Metastable face-centered-cubic Fe78Ni22 thin films are excellent candidates for focused ion beam direct writing of magnonic structures due to their favorable magnetic properties after ion-beam-induced transformation. The focused ion beam transforms the originally nonmagnetic fcc phase into the ferromagnetic bcc phase with additional control over the direction of uniaxial magnetic in-plane anisotropy and saturation magnetization. Local magnetic anisotropy direction control eliminates the need for external magnetic fields, paving the way towards complex magnonic circuits with waveguides pointing in different directions. In the present study, we show that the magnetocrystalline anisotropy in transformed areas is strong enough to stabilize the magnetization in the direction perpendicular to the long axis of narrow waveguides. Therefore, it is possible to propagate spin waves in these waveguides in the favorable Damon-Eshbach geometry without the presence of any external magnetic field. Phase-resolved microfocused Brillouin light scattering yields the dispersion relation of these waveguides in zero as well as in nonzero external magnetic fields.

Keywords: Ferromagnetism; Magnetic Anisotropy; Magnetic phase transition; Magnetization Dynamics; Spin Dynamics; Spin Waves; Structural Phase transition; Focused ion beam


Publ.-Id: 31626

Performance investigation of bulk photoconductive semiconductor switch based on reversely biased p+in+ structure

Hu, L.; Xu, M.; Li, X.; Wang, Y.; Wang, Y.; Dong, H.; Schneider, H.

We present an investigation of a low-energy-triggered bulk gallium arsenide (GaAs) photoconductive semiconductor switch (PCSS) that is characterized by powerful avalanche domains. The performance of the switch is investigated using a reversely biased p⁺-i-n⁺ structure with 0.625-mm thickness, and the 8.0-kV, 170-ps bulk PCSS that is triggered by a 905-nm laser at the energy of 5.7 nJ is achieved. In the low-energy-triggered mode, it is found experimentally that the reduction of required energy for switching operation is not always kept by the continuous increase of the bias field in the bulk PCSS due to Franz–Keldysh effect. We also analyze the triggering efficiency depending on the laser wavelength numerically, and results indicate that the earlier formation of the powerful avalanche domains is realized by the increased wavelength, which causes lower laser energy for switching operation. Moreover, the prestudy of high-power microwave (HPM) applications is also introduced utilizing bulk PCSS, and we constructed the basic units for ultrawide-band (UWB) pulse and HPM-driven pulse.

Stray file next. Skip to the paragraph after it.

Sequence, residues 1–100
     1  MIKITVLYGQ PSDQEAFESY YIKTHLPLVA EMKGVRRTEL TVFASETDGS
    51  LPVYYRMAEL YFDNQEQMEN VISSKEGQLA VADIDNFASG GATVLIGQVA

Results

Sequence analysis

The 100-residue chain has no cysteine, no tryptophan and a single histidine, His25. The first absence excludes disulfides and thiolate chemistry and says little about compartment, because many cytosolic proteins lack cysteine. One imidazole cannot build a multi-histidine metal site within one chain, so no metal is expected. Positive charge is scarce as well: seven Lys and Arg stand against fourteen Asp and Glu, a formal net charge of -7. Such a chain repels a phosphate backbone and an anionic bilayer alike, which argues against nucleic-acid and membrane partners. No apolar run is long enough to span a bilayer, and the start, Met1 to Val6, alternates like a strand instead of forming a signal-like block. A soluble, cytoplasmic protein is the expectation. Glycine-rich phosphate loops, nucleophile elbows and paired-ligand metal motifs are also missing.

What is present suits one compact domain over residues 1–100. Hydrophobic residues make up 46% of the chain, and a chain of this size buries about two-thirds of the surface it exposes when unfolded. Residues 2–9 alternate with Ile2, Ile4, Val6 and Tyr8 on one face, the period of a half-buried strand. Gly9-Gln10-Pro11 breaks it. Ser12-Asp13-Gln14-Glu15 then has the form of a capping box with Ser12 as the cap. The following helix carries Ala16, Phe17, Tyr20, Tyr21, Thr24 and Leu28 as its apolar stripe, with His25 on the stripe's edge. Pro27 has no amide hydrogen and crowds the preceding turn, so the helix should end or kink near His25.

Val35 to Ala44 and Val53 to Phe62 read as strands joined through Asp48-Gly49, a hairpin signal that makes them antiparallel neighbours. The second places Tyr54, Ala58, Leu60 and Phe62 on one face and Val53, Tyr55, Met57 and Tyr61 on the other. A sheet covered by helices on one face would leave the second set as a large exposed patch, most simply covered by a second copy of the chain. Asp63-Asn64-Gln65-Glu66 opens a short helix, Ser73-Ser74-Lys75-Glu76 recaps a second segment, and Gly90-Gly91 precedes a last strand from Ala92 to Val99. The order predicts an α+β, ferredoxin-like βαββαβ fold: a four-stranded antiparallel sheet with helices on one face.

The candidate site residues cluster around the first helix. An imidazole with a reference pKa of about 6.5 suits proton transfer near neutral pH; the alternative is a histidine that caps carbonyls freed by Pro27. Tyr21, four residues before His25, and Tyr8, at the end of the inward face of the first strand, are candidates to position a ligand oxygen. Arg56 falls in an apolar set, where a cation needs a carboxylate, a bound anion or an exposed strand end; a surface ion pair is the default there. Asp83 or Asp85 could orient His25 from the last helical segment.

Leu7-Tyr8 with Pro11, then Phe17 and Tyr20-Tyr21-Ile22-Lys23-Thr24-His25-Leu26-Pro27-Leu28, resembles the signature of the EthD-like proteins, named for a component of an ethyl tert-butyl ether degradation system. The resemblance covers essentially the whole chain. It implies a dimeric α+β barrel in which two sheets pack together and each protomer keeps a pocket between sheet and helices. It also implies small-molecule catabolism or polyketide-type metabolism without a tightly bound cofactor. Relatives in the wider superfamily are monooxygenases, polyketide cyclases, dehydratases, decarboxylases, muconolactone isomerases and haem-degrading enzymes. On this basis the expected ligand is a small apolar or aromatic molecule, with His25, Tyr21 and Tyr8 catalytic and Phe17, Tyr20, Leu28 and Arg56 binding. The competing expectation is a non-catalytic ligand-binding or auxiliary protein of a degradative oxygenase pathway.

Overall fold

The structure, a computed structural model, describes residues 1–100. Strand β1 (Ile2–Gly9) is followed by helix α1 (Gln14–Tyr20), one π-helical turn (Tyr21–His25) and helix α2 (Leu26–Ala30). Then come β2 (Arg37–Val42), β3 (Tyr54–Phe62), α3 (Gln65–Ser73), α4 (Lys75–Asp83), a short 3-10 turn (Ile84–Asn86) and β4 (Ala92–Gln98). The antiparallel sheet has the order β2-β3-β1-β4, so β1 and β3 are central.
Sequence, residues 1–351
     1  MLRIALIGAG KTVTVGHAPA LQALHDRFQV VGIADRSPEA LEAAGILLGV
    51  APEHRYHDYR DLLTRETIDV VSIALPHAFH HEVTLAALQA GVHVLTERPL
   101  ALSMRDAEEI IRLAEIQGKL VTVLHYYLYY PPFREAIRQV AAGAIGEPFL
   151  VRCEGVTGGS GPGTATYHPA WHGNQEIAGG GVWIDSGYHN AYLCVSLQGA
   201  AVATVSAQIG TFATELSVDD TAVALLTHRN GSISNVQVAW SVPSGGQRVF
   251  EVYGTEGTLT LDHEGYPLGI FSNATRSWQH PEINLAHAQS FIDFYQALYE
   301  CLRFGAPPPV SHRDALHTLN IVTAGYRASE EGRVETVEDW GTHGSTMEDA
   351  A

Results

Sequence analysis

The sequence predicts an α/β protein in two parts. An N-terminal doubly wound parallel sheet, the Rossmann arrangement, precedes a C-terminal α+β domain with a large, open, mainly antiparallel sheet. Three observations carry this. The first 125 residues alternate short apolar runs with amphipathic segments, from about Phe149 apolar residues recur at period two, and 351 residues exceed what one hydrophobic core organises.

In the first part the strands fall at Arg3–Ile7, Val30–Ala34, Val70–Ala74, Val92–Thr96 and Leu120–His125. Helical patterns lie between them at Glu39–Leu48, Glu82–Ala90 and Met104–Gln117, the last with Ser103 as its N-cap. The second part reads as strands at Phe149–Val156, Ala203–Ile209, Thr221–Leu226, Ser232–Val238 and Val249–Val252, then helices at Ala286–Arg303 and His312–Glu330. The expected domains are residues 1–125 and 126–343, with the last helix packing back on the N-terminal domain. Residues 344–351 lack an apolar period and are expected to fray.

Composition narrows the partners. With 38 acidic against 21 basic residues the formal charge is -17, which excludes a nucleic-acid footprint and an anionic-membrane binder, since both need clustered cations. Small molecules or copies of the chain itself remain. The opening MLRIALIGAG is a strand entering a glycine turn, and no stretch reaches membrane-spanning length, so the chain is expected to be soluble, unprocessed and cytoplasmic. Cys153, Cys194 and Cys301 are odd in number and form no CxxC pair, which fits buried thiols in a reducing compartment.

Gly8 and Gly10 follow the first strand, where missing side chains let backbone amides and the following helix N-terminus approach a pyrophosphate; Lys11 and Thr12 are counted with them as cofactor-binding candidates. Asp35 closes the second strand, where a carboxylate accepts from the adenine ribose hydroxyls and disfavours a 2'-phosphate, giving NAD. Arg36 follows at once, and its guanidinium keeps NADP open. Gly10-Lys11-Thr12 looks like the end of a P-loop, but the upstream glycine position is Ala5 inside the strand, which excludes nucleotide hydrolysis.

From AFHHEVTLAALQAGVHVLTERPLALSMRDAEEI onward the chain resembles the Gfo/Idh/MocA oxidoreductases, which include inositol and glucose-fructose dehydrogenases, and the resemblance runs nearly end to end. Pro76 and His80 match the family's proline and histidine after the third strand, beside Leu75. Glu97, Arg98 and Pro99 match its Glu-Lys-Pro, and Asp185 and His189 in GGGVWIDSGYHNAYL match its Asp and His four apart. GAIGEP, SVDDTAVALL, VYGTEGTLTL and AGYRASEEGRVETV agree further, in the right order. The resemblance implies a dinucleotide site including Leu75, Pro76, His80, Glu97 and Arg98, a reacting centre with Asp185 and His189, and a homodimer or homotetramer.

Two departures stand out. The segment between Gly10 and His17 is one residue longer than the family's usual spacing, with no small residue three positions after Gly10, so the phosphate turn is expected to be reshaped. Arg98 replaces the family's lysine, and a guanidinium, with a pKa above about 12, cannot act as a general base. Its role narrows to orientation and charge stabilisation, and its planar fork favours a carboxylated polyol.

Keywords: photoconductive semiconductor switch; avalanche domain; GaAs


Publ.-Id: 31625

Mode-locked short pulses from an 8 μm wavelength semiconductor laser

Hillbrand, J.; Opačcak, N.; Piccardo, M.; Schneider, H.; Strasser, G.; Capasso, F.; Schwarz, B.

Quantum cascade lasers (QCL) have revolutionized the generation of mid-infrared light. Yet, the ultrafast carrier transport in mid-infrared QCLs have so far constituted a seemingly insurmountable obstacle for the formation of ultrashort light pulses. Here, we demonstrate that careful quantum design of the gain medium and control over the intermode beat synchronization enable transform-limited picosecond pulses from QCL frequency combs. Both an interferometric radio-frequency technique and second-order autocorrelation shed light on the pulse dynamics and confirm that mode-locked operation is achieved from threshold to rollover current. Furthermore, we show that both antiphase and in-phase synchronized states exist in QCLs. Being electrically pumped and compact, mode-locked QCLs pave the way towards monolithically integrated non-linear photonics in the molecular fingerprint region beyond 6 μm wavelength.

Keywords: quantum cascade laser; two-photon QWIP; mid-infrared, frequency comb

Publ.-Id: 31624

Wire-mesh sensor measurements of single-phase liquid flows at different temperatures

Wiedemann, P.; de Assis Dias, F.; Schleicher, E.; Hampel, U.

The dataset contains raw data belonging to Wiedemann et al.: Temperature Compensation for Conductivity-Based Phase Fraction Measurements with Wire-Mesh Sensors in Gas-Liquid Flows of Dilute Aqueous Solutions, Sensors 2020, 20(24), 7114;

A 16x16 conductivity-based wire-mesh sensor was placed in a single-phase liquid loop with adjustable fluid temperature. The dataset includes the wire-mesh sensor measurements with water at several temperature levels from 12.5°C to 80°C and the corresponding electrical conductivites. Two water samples, namely deionized water and a mixed water sample, were investigated. The latter one is composed of 95% deionized water and 5% local tap water.

Keywords: wire-mesh sensor; temperature compensation; electrical conductivity

Related publications


Publ.-Id: 31623

High-Intensity Laser-Driven Oxygen Source from CW Laser-Heated Titanium Tape Targets